Design in the Age of Change (Book)

Iconic design leaders reflect on current affairs and share their visions for the future. Includes Carole Bilson, Karim Rashid, Bruce Mau, Steven Heller and Don Norman. Foreword by the president of the World Design Organization, Srini Srinisavan. Conclusion by design philosopher, Ken Friedman. 12 b/w illus.

 

Gjoko Muratovski interview with The Design Research Society (DRS)

Interview with Carole Bilson

Edition

Change is inevitable. This is the only constant in our lives. Yet, change is also something that we fear. We seek comfort in the familiar, in routines and in conventions. We are afraid of things that we don't know or we don’t understand. We fear change because we don’t know how change will affect us. Change, however, is necessary for progress. Sometimes, change happens naturally due to circumstances beyond our control, and sometimes we initiate change because we can or because we must.

In 2020, we experienced the biggest change of our lifetimes. For a brief moment in history, the world came to a halt. Then, everything changed. Many things that we used to take for granted no longer applied. We experienced major disruptions to our daily lives. As if in some kind of perfect storm, so many things happened all at once – global pandemic, social inequalities, climate change, racial injustices, riots and unrests, gender struggles and rapid advances of new technologies. This book started to take shape in the midst of it all, and in a way, it is a time capsule of how we experienced the birth of what became known as the 'new normal'.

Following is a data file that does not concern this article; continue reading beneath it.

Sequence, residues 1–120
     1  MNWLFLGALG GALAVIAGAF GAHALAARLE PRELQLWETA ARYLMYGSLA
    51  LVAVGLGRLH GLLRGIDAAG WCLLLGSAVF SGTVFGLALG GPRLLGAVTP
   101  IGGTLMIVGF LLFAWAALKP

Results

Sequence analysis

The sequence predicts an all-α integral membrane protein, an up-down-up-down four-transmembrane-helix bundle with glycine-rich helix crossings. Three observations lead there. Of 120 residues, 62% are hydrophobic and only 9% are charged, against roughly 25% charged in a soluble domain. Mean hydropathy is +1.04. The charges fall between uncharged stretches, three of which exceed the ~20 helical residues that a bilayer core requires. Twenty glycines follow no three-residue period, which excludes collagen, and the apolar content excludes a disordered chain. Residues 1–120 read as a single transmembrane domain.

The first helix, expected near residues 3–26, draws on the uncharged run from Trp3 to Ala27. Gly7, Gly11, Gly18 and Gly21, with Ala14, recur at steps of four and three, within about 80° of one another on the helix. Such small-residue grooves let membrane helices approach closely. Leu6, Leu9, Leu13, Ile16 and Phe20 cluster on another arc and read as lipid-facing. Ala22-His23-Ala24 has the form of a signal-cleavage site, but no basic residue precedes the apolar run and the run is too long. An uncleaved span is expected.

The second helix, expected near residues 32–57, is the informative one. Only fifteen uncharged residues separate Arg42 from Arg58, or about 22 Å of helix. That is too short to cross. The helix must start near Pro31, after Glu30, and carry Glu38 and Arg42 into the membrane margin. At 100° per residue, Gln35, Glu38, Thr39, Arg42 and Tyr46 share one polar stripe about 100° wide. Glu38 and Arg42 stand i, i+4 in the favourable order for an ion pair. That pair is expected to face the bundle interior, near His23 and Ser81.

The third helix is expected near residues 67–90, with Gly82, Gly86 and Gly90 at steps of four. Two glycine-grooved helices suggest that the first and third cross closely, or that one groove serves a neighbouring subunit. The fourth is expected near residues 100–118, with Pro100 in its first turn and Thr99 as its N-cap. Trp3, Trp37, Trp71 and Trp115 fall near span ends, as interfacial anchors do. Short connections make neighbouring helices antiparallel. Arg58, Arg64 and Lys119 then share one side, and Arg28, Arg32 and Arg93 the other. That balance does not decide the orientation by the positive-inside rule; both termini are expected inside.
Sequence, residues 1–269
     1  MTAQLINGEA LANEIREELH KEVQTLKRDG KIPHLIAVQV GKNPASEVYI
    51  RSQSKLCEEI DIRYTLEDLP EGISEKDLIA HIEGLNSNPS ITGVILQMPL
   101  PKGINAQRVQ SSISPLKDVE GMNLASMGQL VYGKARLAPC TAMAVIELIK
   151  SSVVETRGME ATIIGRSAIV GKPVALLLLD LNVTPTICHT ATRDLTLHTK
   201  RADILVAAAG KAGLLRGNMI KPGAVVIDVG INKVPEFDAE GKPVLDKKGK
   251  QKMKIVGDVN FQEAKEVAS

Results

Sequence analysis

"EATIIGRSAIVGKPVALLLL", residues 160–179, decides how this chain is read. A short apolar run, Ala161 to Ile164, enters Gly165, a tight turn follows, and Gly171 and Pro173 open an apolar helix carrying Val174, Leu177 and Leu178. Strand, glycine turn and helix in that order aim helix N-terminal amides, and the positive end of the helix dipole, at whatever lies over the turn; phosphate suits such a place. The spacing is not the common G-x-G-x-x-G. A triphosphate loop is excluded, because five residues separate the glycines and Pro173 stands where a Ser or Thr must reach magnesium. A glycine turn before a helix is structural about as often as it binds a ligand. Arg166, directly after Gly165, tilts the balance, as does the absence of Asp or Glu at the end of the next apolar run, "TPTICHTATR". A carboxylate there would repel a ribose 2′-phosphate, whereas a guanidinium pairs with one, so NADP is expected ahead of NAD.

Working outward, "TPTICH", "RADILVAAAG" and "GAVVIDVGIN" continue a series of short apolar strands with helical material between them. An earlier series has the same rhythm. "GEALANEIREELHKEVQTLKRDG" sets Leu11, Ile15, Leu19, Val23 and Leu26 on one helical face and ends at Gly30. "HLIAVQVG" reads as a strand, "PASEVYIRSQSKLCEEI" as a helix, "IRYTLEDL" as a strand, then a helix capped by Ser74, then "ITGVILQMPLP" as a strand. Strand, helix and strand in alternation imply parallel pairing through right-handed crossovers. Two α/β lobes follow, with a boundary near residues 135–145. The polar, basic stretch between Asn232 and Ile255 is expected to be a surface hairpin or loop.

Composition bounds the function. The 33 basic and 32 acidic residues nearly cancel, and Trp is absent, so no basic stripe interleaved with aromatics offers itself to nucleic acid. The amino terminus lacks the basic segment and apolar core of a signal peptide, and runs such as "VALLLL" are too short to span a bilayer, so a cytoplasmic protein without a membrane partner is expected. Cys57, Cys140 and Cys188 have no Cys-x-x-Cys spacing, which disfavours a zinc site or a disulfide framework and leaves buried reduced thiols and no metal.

Designers are the kind of people who thrive in times of change. In fact, it is their job to create change. The nature of their job is such that they have to take an existing situation and change it into a better, or a more preferred situation. Some do this by relying on their imagination and personal experiences, and some use evidence-based research to inform their work. Regardless of this, many share the belief that they can somehow make the world a better place – on a micro or a macro level.

During this period of massive change, Gjoko Muratovski invited ten highly influential design figures – including iconic design leaders such as Carole Bilson, Karim Rashid, Bruce Mau, Steven Heller and Don Norman – to reflect on the state of things today. In return, each one of them shares a highly personal account on why change is good. The book also features a foreword written by the president of the World Design Organisation (WDO), Srini Srinisavan, and a conclusion by one of the greatest design philosophers of our time, Ken Friedman.

By looking to the past and reflecting on the present, these designers project very personal images of the future that they would like to see. The conversations are very broad, and they cover highly diverse topics. From the effects of the pandemic, to issues of race and gender, notions of beauty, technology and industry, to global and local economies, politics, power, privilege and the importance of community.

A 'must-read' for anyone interested in how designers and design can change the world.